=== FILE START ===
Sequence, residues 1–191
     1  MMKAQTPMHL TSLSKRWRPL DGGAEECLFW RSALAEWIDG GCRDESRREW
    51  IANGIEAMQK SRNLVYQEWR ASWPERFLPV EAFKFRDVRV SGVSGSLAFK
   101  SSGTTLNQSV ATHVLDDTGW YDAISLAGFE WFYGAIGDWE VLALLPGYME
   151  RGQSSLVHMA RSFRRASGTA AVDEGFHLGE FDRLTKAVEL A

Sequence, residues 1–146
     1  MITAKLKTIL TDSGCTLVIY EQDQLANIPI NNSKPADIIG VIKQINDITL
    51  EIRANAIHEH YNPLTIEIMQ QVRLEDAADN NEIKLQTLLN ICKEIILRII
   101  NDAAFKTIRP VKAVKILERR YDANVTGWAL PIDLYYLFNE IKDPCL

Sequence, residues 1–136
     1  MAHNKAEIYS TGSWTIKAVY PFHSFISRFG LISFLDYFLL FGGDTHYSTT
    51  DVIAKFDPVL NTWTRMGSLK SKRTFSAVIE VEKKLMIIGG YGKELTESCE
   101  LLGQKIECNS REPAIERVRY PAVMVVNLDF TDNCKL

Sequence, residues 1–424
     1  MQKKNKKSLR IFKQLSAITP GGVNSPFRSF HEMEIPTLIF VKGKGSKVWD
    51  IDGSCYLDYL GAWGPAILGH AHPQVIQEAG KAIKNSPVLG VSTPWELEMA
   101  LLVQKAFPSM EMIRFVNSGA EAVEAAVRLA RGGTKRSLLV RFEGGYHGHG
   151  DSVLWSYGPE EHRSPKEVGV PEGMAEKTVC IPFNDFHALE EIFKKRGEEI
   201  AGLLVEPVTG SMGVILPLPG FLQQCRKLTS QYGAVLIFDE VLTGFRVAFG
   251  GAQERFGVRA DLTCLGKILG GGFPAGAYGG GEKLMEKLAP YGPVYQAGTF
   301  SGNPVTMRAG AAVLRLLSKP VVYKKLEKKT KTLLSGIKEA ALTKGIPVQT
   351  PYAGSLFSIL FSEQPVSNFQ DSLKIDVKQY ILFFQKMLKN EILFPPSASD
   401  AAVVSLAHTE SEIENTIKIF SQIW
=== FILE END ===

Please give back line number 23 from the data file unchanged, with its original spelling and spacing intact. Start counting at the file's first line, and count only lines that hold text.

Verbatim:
   401  AAVVSLAHTE SEIENTIKIF SQIW